At seven Raneem out of boredom created a camera from a mango juice box. What seemed to her like a game was described by her father as creativity. Little did she know that the little experiment will define what she does with her life one day.
This month we speak to Raneem Qaddoura an artist who like to paint portraits of famous people. She also teaches art at ArtSpaceQ8.
Read on for full interview…
Raneem studied architecture at the University of Petra and loves the idea of special experiences. “architecture is the mother of all art. Learning about lines and spaces, colors and compositions is a very important aspect of creating art,” said Raneem, when asked about why she moved from architecture to art. She not just paints the portraits but also creates digital versions of spaces in which she would like to display them. Her art is what you call a perfect marriage between the traditional and the modern.
After finishing her degree, Raneem briefly worked at an architecture firm in Kuwait. “I felt stifled while working in a firm. The architecture industry in Kuwait is all about low cost functionality. While it may be effective, I felt I wasn’t developing my skills in terms of the creative process.”
With a dream to someday have her work displayed at the Louvre, Raneem really doesn’t care if it never happens. “I paint because it makes me happy. I would be perfectly happy with just hanging them around my house,” said Raneem while expressing how fame is not something she desires.
What is most beautiful about this artist is that she finds beauty in everything. “I am a wanderer. I can just walk around for hours or sit in a café and look at things around me. I don’t really need things to inspire me. The world is my canvas, the sky, flowers, gardens, buildings they all evoke a sense of wonder in me.”
Although she usually paints famous artists, she has never painted a portrait for her greatest supporter, her father. “I don’t think I can fit everything my father stands for on a canvas. While I love adding my colors to these famous people, my father is too big for my brushes,” said Raneem when we asked her why.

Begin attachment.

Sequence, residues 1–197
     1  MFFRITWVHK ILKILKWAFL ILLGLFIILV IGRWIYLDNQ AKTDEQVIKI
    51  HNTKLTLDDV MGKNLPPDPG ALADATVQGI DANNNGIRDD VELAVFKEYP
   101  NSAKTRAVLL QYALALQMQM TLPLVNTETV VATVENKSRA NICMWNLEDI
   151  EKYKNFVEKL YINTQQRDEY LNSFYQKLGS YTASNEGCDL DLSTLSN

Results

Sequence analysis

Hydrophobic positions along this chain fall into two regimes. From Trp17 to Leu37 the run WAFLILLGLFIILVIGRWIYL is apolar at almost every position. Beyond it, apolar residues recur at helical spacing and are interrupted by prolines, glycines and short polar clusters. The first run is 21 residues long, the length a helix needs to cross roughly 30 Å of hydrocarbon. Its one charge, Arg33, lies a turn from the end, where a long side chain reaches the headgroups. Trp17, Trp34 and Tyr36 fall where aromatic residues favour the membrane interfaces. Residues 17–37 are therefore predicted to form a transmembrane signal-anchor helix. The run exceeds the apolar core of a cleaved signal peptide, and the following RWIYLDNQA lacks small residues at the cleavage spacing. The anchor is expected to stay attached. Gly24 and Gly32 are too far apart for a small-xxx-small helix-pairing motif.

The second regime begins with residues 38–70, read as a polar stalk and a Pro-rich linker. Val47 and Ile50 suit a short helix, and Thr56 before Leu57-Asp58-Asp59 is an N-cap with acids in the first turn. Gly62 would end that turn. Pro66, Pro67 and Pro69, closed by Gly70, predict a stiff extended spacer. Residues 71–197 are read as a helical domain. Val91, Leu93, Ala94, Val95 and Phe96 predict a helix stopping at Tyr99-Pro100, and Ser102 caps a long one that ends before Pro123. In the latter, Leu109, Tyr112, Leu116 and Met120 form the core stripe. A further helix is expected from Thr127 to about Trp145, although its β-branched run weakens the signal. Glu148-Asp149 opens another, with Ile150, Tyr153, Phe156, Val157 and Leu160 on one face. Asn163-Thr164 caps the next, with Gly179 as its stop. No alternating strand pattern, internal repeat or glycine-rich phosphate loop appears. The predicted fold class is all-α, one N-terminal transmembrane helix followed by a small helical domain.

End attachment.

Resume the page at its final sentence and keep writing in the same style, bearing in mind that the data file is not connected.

While the world around us becomes smaller and smaller with technology, Raneem feels art gives her the freedom to disconnect. “Art to me is freedom. No rules. It’s your space, you create what you want. Brush strokes, colors, and techniques, art is the most fluid thing; you just go with it and see what happens.”
Having said that, when you see her at work, you know she is a perfectionist. What usually starts out as broad brush strokes, once it starts to take shape cannot escape Raneem’s eye for detail. “Sometimes when my work is put up I have this insane urge to take a palate and a brush and start correcting details. The blue could be darker or the black could be lighter, but I stop myself. Sometimes a correction in one painting can be an inspiration for completely new work.”
On a parting note, Raneem has just one advise to budding artists, “Practice.” You could be an old woman discovering for the first time that you can draw. Or a child who has found out what colors can do. In either case, never lose the wonder. Take that pen to paper and create a world of your own. We know Raneem does!